Gender Roles And The Family; Spouses As Coproviders
In Polish families, traditionally, home is the stage for gender-related division of labor in spite of the high rate of women's full-time employment outside the home, including married women with children. Under socialism, usually both spouses were gainfully employed as the norm. Almost exclusively, the household chores and childcare responsibilities were and are placed on shoulders of women. Husbands assist working wives with household chores only sporadically. The higher the educational level of spouses, the more men are involved in household duties. Judging by studies on time budget, women have less available leisure time than do men, while men work longer hours at paid employment (CBOS [Kobiety] 1999).
Before 1989, almost all working-age citizens were expected to work, with few exceptions (e.g., university studies, illness). Women, however, continue to face a conflict between their maternal role and their occupational pursuits. The incentives and benefits offered for having a family and children resulted in a reverse effect on women's occupational roles, placing them in positions of constant role conflict, caused by combined family and employment responsibilities. After 1989, some women are rebelling against being forced to work and are trying to take advantage of the free choices that arrived with democracy by not working and having to cope without the state's assistance. However, low incomes, inflation, and unemployment forced many women (including those who are married with children) to seek work. According to a comparative study (1964–1998) among the most appreciated values of married life were having children and working (earning money) together with a spouse, to make ends meet. This manifests an expectation that both, husband and wife, will be working outside the home. In spite of an existing division of labor at home, most of the mothers opt for partnership in marriage, where the husband shares equally the decision-making and household duties with his wife (Lobodzińska 1970; OBOP 1998).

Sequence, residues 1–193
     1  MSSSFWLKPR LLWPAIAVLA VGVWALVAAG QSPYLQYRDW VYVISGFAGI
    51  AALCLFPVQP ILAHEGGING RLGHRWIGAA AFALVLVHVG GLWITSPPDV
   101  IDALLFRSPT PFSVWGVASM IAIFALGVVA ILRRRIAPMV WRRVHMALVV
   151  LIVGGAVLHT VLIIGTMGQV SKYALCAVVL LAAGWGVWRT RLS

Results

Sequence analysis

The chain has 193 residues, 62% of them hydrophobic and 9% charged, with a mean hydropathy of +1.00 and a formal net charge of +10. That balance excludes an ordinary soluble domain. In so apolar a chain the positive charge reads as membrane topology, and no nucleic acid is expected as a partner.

Occupational success is identified with higher education. Parents tend to influence children to pursue their schooling. Parents' intention is to secure their daughters' future economic independence through education (which will make them eligible for employment). Simultaneously, they urge the girls into types of education that ensure their future secondary roles in the economy. Young women tend to select occupations less in demand and with lower pay. Division of labor is thus passed from one generation to the next. More women attend universities, and more of them graduate. Among employees (also among the unemployed) are higher numbers of women with secondary education and with university degrees.